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Poverty

Advocacy List

Hunger Hurts the Working Poor of Pennsylvania

Greater Pittsburgh Community Food Bank. 2012.

  • In Pennsylvania, a single parent earning $10/hour would make $22,000 annually.  The Self Sufficiency Standard in the state for one parent with a pre-school aged child and a school aged child is $43,325.
  • Many families with lower incomes have to make tough choices between spending money on food or on other necessities such as rent, medicine, and transportation.
  • The number of children in poverty decreased by 8.1% when 'income' from programs such as SNAP, WIC, the School Lunch Program, and the Earned Income Tax Credit were taken into account.

 

The Research Supplemental Poverty Measure: 2012

U.S. Census Bureau, Nov. 2013

The Supplemental Poverty Measure (SPM) takes into account extra resources received from programs such as SNAP (food stamps), as well as expenses such as out-of-pocket medical costs. These resources and expenses are not included in the Census Bureau's official poverty calculations.

AMERICANS IN POVERTY - 2012

  • Official measure: 46.97 million (15.1%)
  • SPM: 49.73 million (16.0%)
  • Difference: +2.7 million people in poverty (+0.9%)

CHILDREN IN POVERTY - 2012

  • Official measure: 16.5 million (22.3%)
  • SPM: 13.4 million (18.0%)
  • Difference: -3.2 million children in poverty (-4.3%)

SENIORS IN POVERTY - 2012

  • Official measure: 3.9 million (9.1%)
  • SPM: 6.4 million (14.8%)                                                
  • Difference: +2.5 million seniors in poverty (+5.8%)

 

The Pension Factor 2012

Frank Porell, PhD and Diane Oakley. July 2012.

In 2010:

  • The poverty rate of older adults without a defined benefit pension income was 9x higher than those with a pension.
  • Defined benefit pension receipt among older adults resulted in 460,000 fewer households experiencing food insecurity.
  • 9.7% of older adults lived in poverty.  For older adults with no pension income, the rate increases to 15.5%.
  • 24.2% of adults adults were 'near-poor' -- income less than 200% of the poverty level.  For older adults with no pension income, the rate increases to 31.2%

SNAP Benefits Alleviate the Incidence and Intensity of Poverty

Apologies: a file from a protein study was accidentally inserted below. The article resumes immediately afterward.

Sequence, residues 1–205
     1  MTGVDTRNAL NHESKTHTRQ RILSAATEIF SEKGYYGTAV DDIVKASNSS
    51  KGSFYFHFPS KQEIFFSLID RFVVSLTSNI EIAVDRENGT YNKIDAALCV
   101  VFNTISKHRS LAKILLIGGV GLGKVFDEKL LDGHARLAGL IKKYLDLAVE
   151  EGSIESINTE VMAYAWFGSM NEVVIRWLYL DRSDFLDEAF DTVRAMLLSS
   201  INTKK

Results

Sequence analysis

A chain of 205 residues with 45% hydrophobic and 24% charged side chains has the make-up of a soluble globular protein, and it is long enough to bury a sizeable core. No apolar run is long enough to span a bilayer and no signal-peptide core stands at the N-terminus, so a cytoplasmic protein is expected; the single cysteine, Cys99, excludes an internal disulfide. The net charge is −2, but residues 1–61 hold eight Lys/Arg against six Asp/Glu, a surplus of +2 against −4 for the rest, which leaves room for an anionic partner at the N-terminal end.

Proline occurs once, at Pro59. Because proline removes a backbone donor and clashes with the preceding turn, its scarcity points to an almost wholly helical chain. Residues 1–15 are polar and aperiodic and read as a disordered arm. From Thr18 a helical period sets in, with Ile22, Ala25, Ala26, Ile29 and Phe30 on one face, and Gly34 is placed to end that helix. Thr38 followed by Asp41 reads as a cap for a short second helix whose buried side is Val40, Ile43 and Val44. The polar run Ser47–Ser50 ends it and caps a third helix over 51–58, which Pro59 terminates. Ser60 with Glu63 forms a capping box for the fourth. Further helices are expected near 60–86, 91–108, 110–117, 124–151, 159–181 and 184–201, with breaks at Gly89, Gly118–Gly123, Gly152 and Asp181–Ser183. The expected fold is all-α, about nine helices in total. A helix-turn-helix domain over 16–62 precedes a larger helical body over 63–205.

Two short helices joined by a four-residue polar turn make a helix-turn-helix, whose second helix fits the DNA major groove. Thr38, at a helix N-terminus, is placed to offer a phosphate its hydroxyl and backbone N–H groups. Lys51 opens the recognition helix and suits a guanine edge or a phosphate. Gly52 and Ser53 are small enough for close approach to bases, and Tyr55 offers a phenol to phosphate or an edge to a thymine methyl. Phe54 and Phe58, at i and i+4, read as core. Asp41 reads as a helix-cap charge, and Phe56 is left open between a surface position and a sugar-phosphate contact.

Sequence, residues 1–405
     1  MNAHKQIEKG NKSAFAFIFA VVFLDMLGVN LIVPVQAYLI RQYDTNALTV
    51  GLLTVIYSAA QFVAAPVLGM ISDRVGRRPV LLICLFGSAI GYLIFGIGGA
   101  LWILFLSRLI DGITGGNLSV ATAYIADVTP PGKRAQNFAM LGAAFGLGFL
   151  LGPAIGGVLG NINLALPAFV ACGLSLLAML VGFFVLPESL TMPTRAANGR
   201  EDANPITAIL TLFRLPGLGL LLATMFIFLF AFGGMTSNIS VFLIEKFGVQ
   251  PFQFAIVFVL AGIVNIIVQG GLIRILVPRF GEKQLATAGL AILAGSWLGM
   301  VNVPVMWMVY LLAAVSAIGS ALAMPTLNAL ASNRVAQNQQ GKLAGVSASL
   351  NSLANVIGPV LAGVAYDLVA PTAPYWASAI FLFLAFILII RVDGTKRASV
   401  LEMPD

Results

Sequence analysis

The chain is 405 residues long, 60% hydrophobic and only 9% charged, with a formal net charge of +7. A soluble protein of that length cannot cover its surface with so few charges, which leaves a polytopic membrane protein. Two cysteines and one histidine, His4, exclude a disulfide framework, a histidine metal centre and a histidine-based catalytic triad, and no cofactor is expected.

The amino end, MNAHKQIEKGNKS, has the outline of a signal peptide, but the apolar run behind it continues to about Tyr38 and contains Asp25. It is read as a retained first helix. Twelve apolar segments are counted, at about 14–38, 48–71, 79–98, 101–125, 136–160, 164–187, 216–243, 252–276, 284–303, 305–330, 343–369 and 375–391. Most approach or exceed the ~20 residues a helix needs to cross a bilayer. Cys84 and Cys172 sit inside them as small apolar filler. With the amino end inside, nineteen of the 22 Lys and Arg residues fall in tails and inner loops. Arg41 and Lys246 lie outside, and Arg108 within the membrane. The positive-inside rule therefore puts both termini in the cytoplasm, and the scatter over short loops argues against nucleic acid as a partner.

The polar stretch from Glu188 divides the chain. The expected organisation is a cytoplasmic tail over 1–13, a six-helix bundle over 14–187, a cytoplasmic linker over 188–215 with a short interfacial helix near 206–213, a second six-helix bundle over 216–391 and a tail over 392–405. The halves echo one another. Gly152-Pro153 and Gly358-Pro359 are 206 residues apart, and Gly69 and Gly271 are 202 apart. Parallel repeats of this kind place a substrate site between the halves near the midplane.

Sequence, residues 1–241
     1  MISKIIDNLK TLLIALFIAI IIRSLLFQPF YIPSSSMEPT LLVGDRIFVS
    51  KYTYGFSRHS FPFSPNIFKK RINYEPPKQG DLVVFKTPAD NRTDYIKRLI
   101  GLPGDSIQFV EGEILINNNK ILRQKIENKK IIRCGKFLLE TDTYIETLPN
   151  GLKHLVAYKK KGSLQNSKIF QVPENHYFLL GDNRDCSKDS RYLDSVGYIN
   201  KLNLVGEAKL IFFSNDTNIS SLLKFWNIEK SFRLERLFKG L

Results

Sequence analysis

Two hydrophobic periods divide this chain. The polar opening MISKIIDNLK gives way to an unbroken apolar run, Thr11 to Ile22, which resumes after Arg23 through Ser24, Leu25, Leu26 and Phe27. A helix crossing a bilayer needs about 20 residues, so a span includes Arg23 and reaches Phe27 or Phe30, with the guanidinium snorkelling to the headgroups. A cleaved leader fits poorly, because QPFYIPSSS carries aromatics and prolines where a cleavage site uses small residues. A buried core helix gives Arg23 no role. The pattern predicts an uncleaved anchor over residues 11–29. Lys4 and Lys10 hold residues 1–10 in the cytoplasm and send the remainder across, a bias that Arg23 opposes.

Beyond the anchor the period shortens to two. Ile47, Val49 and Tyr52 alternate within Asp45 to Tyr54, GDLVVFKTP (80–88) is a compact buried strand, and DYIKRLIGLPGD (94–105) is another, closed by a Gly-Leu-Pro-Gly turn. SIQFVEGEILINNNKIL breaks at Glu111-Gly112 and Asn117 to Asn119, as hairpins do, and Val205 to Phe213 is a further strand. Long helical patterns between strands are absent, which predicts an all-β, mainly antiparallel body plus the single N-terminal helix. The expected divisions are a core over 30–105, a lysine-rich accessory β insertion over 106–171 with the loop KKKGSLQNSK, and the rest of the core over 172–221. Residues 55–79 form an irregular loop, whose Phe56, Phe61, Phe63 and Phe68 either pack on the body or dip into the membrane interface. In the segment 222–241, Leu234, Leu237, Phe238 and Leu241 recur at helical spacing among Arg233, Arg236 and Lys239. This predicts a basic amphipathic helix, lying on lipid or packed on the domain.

Laura Tiehan and Michele Ver Ploeg. USDA Economic Research Service. June 2012.

  • In 2010, 45.8% of all SNAP recipients were children.
  • In 2010, 55.4% of all households receiving SNAP benefits had incomes less than 50% of the poverty level.
  • SNAP benefits helped reduce the number of individuals and households living in poverty, as well as helped decrease the severity of poverty for people.

 

Doing Without: Economic Insecurity and Older Americans

Wider Opportunities for Women, March 2012.

  • 60% of women over the age of 65 are unable to cover their basic, daily expenses with their income.
  • 61% of Asian women, 74% of African-American women, and 75% of Hispanic women in retirement report having incomes below the 'Elder Economic Security Index.'

Is Poverty a Death Sentence? The Human Cost of Socioeconomic Disparities.

Chairman Bernie Sanders, Subcommittee on Primary Health and Aging, U.S. Senate Committee on Health, Education, Labor & Pensions, Sep. 13, 2011.

  • Recent research has shown that poverty is the most influential factor contributing to poor health.
  • People with the highest incomes in the U.S. have a life expectancy at least 6.5 years longer than lower and middle-class Americans.

 

From Poverty, Opportunity: Making the Market Work for Lower Income Families

The Brookings Institution, Metropolitan Policy Program. 2006.

Lower income Americans have about $655 billion in buying power.  On average, though, low-income Americans pay more for various goods and services such as:

  • Food
  • Interest on loans (for homes, cars, etc.)
  • Auto and home insurance

The report argues that if low-income individuals paid less for goods and services, they would have more money to spend on things that can bring them out of poverty:

  • Paying off debt
  • Saving for a house
  • Putting money in a retirement account
  • Saving to pay tuition costs for higher education